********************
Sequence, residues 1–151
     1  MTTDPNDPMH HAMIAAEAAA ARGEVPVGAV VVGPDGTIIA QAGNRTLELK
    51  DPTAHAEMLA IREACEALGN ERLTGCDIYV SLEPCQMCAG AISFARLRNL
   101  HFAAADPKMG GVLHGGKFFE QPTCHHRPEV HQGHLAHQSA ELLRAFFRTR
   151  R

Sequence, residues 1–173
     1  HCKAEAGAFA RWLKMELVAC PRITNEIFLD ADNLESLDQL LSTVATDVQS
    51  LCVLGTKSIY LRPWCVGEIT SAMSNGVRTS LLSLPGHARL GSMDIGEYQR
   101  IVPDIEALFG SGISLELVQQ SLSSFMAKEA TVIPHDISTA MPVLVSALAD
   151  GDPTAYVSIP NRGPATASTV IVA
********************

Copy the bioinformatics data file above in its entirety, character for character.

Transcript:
Sequence, residues 1–151
     1  MTTDPNDPMH HAMIAAEAAA ARGEVPVGAV VVGPDGTIIA QAGNRTLELK
    51  DPTAHAEMLA IREACEALGN ERLTGCDIYV SLEPCQMCAG AISFARLRNL
   101  HFAAADPKMG GVLHGGKFFE QPTCHHRPEV HQGHLAHQSA ELLRAFFRTR
   151  R

Sequence, residues 1–173
     1  HCKAEAGAFA RWLKMELVAC PRITNEIFLD ADNLESLDQL LSTVATDVQS
    51  LCVLGTKSIY LRPWCVGEIT SAMSNGVRTS LLSLPGHARL GSMDIGEYQR
   101  IVPDIEALFG SGISLELVQQ SLSSFMAKEA TVIPHDISTA MPVLVSALAD
   151  GDPTAYVSIP NRGPATASTV IVA